The “highly regulated” abatement work is being performed and supervised by a licensed third-party firm that collects air samples and visually assesses the work, Zodet Negron, a spokeswoman for the New York City Housing Authority, said in an email.
Deteriorating parapet walls that contain asbestos materials will be removed and disposed of before the structures are replaced with roof railings. The material will be removed from the site and sealed in containers that are kept away from the public.
Residents recently learned that at least three buildings of the public housing complex — at 80 and 82 Dwight St., and 135 Richards St. — were undergoing asbestos abatement, which sparked concerns that the materials could be potentially hazardous to their health.
Notices posted around the complex warned that cancer and lung disease could arise from high exposure.
“We understand that to the untrained eye some aspects of the work that do not include removal of hazardous materials may be confused with actual abatement,” Negron said.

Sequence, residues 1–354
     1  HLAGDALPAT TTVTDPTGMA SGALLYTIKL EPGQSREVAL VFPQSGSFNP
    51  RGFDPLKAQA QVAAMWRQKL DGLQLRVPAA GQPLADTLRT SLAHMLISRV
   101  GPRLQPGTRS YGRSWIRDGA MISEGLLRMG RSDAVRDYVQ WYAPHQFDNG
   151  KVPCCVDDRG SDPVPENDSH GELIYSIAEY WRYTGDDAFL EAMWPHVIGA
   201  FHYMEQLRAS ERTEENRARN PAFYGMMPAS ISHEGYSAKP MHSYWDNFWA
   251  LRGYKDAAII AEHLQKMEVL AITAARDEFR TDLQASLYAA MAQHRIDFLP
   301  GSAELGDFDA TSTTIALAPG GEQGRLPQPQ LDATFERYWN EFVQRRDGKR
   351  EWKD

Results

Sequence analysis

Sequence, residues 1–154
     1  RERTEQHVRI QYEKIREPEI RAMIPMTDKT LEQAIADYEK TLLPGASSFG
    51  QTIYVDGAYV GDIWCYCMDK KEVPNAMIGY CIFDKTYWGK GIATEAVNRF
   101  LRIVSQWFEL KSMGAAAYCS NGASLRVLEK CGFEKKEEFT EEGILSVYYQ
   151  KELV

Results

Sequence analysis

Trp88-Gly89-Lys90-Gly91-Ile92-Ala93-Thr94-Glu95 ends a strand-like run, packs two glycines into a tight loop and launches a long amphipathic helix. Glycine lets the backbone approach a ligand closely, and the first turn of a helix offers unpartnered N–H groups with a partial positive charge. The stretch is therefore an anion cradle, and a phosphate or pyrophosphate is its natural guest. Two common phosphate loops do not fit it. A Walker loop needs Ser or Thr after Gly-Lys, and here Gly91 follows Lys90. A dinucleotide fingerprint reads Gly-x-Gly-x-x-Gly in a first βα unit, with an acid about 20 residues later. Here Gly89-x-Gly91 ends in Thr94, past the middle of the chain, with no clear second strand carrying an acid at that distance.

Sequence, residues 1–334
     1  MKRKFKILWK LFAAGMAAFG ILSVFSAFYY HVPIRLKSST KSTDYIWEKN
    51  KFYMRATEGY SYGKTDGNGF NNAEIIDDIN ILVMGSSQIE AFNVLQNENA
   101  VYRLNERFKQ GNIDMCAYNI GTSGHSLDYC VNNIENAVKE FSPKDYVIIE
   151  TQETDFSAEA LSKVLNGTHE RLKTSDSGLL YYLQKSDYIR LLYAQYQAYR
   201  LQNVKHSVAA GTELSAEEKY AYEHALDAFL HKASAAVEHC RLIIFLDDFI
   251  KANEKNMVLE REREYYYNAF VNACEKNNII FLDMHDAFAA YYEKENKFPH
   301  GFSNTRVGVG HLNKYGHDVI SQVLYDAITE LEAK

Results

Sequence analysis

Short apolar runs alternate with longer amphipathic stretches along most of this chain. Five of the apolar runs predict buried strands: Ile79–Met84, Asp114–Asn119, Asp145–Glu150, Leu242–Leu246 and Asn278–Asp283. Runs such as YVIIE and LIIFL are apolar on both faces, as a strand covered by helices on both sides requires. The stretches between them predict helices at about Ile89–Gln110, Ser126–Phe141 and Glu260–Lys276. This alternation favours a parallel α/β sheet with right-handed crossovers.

“Rest assured, however, that at this and all NYCHA job sites, safety is a priority, as is the full protection of our residents and labor force,” she said.
Asbestos, a mineral fiber that can be present in rock and soil, used to be commonly found in a variety of construction materials, including roofing shingles, tiles and some cement products. Many asbestos-containing products have since been banned because of its adverse health effects, according to the United States Environmental Protection Agency.
The material primarily becomes a health risk when it is crumbled and fibers are released into the air, according to the New York State Department of Health. The chances of experiencing high exposure to asbestos is small for most building occupants.
The anticipated completion date for the abatement work is within the next month. The restoration work will be completed soon after.